Display Settings:

Format

Send to:

Choose Destination
See comment in PubMed Commons below
Endocrinology. 2010 Apr;151(4):1598-610. doi: 10.1210/en.2009-1295. Epub 2010 Mar 1.

Early overnutrition results in early-onset arcuate leptin resistance and increased sensitivity to high-fat diet.

Author information

  • 1Oregon National Primate Research Center, Oregon Health and Science University, 505 Northwest 185th Avenue, Beaverton, Oregon 97006, USA.

Abstract

Childhood obesity increases the risk of adult obesity and diabetes, suggesting that early overnutrition permanently programs altered energy and glucose homeostasis. In the present studies, we used a mouse model to investigate whether early overnutrition increases susceptibility to obesity and insulin resistance in response to a high-fat diet (HFD). Litters from Swiss Webster dams were culled to three [chronic postnatal overnutrition (CPO)] or 10 (control) pups and then weaned onto standard chow at postnatal day (P) 23. At 6 wk of age, a subset of mice was placed on HFD, and glucose and insulin tolerance were examined at 16-17 wk of age. Leptin sensitivity was determined by hypothalamic phosphorylated signal transducer and activator of transcription-3 immunoreactivity at P16 and adulthood after ip leptin. CPO mice exhibited accelerated body weight gain and hyperleptinemia during the preweaning period but only a slightly heavier body weight and normal glucose tolerance in adulthood on standard chow diet. Importantly, CPO mice exhibited significant leptin resistance in the arcuate nucleus, demonstrated by reduced activation of phospho-signal transducer and activator of transcription-3, as early as P16 and throughout life, despite normalized leptin levels. In response to HFD, CPO but not control mice displayed insulin resistance in response to an insulin tolerance test. In conclusion, CPO mice exhibited early and persistent leptin resistance in the arcuate nucleus and, in response to HFD, rapid development of obesity and insulin resistance. These studies suggest that early overnutrition can permanently alter energy homeostasis and significantly increase susceptibility to obesity and insulin resistance.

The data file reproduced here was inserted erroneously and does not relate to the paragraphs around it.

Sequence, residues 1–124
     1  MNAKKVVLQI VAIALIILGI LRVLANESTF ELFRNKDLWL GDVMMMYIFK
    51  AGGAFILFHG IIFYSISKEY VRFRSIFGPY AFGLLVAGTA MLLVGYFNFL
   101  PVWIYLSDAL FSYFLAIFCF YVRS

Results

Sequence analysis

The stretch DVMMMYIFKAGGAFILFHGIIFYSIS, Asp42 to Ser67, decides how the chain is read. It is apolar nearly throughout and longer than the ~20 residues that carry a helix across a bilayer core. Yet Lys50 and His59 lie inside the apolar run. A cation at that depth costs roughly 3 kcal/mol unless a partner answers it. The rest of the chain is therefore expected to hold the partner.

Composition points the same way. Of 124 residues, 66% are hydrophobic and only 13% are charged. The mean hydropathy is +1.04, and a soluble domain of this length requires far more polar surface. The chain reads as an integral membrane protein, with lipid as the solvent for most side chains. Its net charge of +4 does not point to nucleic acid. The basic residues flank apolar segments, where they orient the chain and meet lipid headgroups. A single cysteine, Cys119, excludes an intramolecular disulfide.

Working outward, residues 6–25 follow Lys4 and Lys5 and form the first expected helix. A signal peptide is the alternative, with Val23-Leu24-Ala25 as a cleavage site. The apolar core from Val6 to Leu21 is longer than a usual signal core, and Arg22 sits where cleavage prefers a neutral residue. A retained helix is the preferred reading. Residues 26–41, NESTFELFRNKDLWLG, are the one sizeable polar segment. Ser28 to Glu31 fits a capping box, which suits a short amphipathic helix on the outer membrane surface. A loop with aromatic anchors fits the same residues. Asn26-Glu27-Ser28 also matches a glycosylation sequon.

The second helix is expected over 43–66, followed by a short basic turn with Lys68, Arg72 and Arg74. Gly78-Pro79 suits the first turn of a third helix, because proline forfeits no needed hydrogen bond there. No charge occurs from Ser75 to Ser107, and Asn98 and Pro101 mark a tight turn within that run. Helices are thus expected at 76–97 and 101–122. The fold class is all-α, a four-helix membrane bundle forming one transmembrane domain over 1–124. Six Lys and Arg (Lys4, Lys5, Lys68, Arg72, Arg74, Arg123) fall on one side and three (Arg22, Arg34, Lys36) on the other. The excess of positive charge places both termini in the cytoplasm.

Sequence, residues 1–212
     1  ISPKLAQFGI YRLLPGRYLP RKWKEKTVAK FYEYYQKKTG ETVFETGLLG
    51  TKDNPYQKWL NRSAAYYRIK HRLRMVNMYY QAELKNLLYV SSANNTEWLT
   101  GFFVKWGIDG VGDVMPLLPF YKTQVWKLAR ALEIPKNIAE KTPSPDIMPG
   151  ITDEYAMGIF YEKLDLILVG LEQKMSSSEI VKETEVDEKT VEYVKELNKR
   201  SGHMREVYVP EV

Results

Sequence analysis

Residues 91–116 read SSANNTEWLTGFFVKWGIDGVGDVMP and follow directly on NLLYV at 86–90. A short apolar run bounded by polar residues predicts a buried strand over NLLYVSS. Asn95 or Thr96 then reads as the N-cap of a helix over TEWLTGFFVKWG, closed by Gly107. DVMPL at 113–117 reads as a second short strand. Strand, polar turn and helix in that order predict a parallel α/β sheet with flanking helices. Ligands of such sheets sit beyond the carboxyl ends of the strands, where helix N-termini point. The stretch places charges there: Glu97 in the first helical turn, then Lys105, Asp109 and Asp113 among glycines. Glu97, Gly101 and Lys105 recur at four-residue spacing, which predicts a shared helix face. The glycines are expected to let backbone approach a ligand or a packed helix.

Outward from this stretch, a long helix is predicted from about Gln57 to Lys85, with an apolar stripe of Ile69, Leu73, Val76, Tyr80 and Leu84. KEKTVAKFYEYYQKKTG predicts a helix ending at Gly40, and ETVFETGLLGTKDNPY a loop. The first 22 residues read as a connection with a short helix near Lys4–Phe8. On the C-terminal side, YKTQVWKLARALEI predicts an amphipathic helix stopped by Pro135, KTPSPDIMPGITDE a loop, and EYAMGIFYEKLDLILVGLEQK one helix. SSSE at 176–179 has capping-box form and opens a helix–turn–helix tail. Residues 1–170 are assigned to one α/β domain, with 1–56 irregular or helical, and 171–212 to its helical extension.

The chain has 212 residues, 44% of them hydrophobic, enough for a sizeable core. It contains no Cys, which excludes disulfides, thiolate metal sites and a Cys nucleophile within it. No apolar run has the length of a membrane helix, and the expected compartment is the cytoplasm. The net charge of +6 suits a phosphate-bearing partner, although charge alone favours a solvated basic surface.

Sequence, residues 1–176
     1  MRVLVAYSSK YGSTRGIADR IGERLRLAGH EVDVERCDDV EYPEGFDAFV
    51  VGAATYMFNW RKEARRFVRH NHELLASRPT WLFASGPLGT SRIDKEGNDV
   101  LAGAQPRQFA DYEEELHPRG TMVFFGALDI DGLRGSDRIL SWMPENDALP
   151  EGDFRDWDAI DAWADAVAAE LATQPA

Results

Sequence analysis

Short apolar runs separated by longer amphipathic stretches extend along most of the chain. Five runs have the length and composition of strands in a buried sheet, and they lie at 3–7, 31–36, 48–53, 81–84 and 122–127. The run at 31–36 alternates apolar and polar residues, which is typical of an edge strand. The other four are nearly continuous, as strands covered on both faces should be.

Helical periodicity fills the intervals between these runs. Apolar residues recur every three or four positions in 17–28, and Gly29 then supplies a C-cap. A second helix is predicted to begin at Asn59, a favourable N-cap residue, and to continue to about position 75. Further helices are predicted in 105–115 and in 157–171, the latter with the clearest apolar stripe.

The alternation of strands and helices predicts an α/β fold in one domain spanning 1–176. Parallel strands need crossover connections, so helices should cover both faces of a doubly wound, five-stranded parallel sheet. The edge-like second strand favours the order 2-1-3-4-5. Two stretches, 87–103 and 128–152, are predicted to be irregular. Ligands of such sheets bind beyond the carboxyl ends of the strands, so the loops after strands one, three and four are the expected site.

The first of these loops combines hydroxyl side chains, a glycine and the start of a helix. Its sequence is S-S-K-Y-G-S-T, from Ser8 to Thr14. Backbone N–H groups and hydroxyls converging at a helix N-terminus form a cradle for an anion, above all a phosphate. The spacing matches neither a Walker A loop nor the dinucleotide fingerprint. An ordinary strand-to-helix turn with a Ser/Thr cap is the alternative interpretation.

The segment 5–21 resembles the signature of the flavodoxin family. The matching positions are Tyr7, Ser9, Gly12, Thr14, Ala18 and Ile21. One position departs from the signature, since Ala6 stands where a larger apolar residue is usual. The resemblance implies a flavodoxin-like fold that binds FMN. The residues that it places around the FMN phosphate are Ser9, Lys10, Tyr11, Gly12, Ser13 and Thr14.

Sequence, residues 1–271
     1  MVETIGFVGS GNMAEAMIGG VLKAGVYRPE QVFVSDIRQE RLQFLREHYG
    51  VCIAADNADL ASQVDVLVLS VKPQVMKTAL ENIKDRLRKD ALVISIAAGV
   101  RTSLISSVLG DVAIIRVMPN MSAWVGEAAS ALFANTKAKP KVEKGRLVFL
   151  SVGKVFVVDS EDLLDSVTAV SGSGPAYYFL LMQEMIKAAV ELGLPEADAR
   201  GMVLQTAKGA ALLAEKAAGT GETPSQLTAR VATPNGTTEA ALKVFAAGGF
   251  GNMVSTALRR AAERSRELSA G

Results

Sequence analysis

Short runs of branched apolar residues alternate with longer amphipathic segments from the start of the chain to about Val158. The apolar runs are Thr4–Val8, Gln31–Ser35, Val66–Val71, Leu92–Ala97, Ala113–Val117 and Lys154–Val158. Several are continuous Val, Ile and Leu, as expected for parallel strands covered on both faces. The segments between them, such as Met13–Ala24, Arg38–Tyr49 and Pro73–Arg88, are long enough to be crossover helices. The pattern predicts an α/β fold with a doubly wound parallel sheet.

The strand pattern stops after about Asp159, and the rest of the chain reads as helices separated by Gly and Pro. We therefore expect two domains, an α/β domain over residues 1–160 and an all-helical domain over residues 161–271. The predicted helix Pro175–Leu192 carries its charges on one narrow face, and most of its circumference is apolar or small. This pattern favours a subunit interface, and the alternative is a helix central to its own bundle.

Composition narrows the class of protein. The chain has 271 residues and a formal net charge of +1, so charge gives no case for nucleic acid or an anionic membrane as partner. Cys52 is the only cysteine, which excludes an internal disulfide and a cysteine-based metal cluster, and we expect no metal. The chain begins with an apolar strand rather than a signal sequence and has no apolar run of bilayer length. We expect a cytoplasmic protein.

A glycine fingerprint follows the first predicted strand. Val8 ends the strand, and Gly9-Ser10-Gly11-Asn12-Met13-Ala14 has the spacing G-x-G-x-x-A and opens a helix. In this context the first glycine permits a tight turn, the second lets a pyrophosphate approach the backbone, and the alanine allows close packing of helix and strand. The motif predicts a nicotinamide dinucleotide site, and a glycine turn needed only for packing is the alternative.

PMID:
20194730
[PubMed - indexed for MEDLINE]
PMCID:
PMC2850236
Free PMC Article

Images from this publication.See all images (6)Free text

Figure 1
Figure 2
Figure 3
Figure 4
Figure 5
Figure 6
PubMed Commons home

PubMed Commons

0 comments
How to join PubMed Commons

    Supplemental Content

    Full text links

    Icon for Atypon Icon for PubMed Central
    Loading ...
    Write to the Help Desk